In my own work, I’ve been looking at how GPT-3-based tools can assist researchers in the research process. I am currently working with Ought, a San Francisco company developing an open-ended reasoning tool (called Elicit) that is intended to help researchers answer questions in minutes or hours instead of weeks or months. Elicit is designed for a growing number of specific tasks relevant to research, like summarization, data labeling, rephrasing, brainstorming, and literature reviews.
I’ve found — not surprisingly — that Elicit works better for some tasks than others. Tasks like data labeling and summarization are still rough around the edges, with noisy results and spotty accuracy, but research from Ought and research from OpenAI shows promise for the future.
For example, the rephrase task is useful for writing, but the lack of integration with word processing apps renders it impractical for now. Brainstorming tasks are great for generating ideas or identifying overlooked topics, and despite the noisy results and barriers to adoption, they are currently valuable for a variety of situations. Yet, of all the tasks Elicit offers, I find the literature review the most useful. Because Elicit is an AI research assistant, this is sort of its bread-and-butter, and when I need to start digging into a new research topic, it has become my go-to resource.
All of this is changing how I work. I spend much less time trying to find existing content relevant to my research questions because its results are more applicable than other, more traditional interfaces for academic search like Google Scholar. I am also beginning to integrate brainstorming tasks into my work as well, and my experience with these tools has inspired my latest research, which seeks to utilize foundation models for supporting strategic planning.
You are certainly aware of the value of data, but you still may be overlooking some essential data assets if you are not utilizing text analytics and NLP throughout your organization. Text data is certainly valuable for customer experience management and understanding the voice of the customer, but think about other text data assets in your organization: emails, analysts’ reports, contracts, press releases, archives — even meetings and phone calls can be transcribed.
There is so much text data, and you don’t need advanced models like GPT-3 to extract its value. Hugging Face, an NLP startup, recently released AutoNLP, a new tool that automates training models for standard text analytics tasks by simply uploading your data to the platform. The data still needs labels, but far fewer than in other applications. Because many firms have made ambitious bets on AI only to struggle to drive value into the core business, remain cautious to not be overzealous. This can be a good first step that your existing machine learning engineers — or even talented data scientists — can manage.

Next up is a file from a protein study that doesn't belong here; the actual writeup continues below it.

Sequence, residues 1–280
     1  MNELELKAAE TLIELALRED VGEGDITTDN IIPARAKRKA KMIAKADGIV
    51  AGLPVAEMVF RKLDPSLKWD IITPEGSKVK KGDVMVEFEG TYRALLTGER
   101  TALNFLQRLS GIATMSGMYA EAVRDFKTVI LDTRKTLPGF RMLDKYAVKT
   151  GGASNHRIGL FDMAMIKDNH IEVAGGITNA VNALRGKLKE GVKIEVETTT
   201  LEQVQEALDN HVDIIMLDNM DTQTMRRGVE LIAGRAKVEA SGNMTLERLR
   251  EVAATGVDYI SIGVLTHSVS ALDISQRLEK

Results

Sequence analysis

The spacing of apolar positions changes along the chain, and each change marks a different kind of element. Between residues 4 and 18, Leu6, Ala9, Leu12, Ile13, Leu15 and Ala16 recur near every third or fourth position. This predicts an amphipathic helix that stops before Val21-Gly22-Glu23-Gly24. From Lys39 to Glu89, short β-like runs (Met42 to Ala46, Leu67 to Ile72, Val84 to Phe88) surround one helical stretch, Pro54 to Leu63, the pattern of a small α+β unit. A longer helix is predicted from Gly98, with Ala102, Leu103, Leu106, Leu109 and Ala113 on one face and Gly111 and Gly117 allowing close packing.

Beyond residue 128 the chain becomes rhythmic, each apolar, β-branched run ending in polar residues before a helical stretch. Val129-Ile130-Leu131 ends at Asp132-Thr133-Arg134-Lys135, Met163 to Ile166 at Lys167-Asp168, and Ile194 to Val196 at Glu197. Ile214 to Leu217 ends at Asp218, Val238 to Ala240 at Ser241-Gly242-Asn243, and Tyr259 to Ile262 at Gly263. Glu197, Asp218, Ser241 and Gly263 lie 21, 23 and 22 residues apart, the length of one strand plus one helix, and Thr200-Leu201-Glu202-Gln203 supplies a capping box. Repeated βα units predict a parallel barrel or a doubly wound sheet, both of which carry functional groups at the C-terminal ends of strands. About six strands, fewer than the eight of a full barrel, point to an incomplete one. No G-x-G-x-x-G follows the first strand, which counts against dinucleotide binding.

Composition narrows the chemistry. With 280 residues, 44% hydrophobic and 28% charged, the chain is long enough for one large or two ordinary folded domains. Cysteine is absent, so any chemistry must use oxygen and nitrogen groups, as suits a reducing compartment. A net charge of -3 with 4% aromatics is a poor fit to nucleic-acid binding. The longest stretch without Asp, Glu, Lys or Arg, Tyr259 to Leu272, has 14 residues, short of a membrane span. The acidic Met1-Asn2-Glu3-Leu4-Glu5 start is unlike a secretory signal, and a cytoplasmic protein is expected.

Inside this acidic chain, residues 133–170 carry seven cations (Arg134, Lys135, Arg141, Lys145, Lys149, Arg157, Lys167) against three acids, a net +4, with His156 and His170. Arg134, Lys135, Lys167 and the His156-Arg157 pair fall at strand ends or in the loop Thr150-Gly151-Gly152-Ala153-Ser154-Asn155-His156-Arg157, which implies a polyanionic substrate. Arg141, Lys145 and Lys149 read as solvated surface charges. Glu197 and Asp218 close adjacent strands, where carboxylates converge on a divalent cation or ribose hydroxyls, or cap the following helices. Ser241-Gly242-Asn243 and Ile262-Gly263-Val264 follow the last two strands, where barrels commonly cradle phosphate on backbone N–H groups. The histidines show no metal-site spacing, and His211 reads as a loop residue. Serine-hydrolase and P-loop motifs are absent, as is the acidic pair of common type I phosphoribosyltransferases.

To take the next step, again, identify your data assets. Many sectors, and even divisions within your organization, use highly specialized vocabularies. Through a combination of your data assets and open datasets, train a model for the needs of specific sectors or divisions. Think of finance. You do not want a model specialized in finance. You want a model customized for commercial banking, or for capital markets. And data is critical, but now it is unlabeled data, and the more the better. Specialized models like this can unlock untold value for your firm.
Language-based AI won’t replace jobs, but it will automate many tasks, even for decision makers. Startups like Verneek are creating Elicit-like tools to enable everyone to make data-informed decisions. These new tools will transcend traditional business intelligence and will transform the nature of many roles in organizations — programmers are just the beginning.
You need to start understanding how these technologies can be used to reorganize your skilled labor. The next generation of tools like OpenAI’s Codex will lead to more productive programmers, which likely means fewer dedicated programmers and more employees with modest programming skills using them for an increasing number of more complex tasks. This may not be true for all software developers, but it has significant implications for tasks like data processing and web development.